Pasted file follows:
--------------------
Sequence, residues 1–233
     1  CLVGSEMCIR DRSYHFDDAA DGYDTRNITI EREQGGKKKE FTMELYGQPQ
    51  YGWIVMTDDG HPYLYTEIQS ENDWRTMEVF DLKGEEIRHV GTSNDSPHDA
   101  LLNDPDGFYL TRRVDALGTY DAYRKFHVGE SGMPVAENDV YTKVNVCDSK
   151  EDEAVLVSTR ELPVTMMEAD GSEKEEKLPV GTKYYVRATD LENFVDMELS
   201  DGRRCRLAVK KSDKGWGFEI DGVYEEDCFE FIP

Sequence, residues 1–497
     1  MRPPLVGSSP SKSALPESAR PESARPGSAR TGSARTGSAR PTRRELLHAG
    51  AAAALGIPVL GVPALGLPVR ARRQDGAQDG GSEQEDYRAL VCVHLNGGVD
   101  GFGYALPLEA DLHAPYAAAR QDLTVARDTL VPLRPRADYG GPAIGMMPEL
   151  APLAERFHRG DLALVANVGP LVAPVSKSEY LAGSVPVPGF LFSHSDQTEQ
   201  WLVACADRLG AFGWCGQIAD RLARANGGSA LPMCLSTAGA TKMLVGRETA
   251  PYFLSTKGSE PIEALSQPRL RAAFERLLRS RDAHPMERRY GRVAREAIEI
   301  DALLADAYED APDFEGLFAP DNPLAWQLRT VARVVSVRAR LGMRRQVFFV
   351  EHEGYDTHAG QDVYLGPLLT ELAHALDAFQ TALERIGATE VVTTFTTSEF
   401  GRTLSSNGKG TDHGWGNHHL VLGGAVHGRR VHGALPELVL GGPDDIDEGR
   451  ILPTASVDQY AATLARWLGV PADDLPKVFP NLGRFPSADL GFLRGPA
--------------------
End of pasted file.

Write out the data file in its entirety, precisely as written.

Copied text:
Sequence, residues 1–233
     1  CLVGSEMCIR DRSYHFDDAA DGYDTRNITI EREQGGKKKE FTMELYGQPQ
    51  YGWIVMTDDG HPYLYTEIQS ENDWRTMEVF DLKGEEIRHV GTSNDSPHDA
   101  LLNDPDGFYL TRRVDALGTY DAYRKFHVGE SGMPVAENDV YTKVNVCDSK
   151  EDEAVLVSTR ELPVTMMEAD GSEKEEKLPV GTKYYVRATD LENFVDMELS
   201  DGRRCRLAVK KSDKGWGFEI DGVYEEDCFE FIP

Sequence, residues 1–497
     1  MRPPLVGSSP SKSALPESAR PESARPGSAR TGSARTGSAR PTRRELLHAG
    51  AAAALGIPVL GVPALGLPVR ARRQDGAQDG GSEQEDYRAL VCVHLNGGVD
   101  GFGYALPLEA DLHAPYAAAR QDLTVARDTL VPLRPRADYG GPAIGMMPEL
   151  APLAERFHRG DLALVANVGP LVAPVSKSEY LAGSVPVPGF LFSHSDQTEQ
   201  WLVACADRLG AFGWCGQIAD RLARANGGSA LPMCLSTAGA TKMLVGRETA
   251  PYFLSTKGSE PIEALSQPRL RAAFERLLRS RDAHPMERRY GRVAREAIEI
   301  DALLADAYED APDFEGLFAP DNPLAWQLRT VARVVSVRAR LGMRRQVFFV
   351  EHEGYDTHAG QDVYLGPLLT ELAHALDAFQ TALERIGATE VVTTFTTSEF
   401  GRTLSSNGKG TDHGWGNHHL VLGGAVHGRR VHGALPELVL GGPDDIDEGR
   451  ILPTASVDQY AATLARWLGV PADDLPKVFP NLGRFPSADL GFLRGPA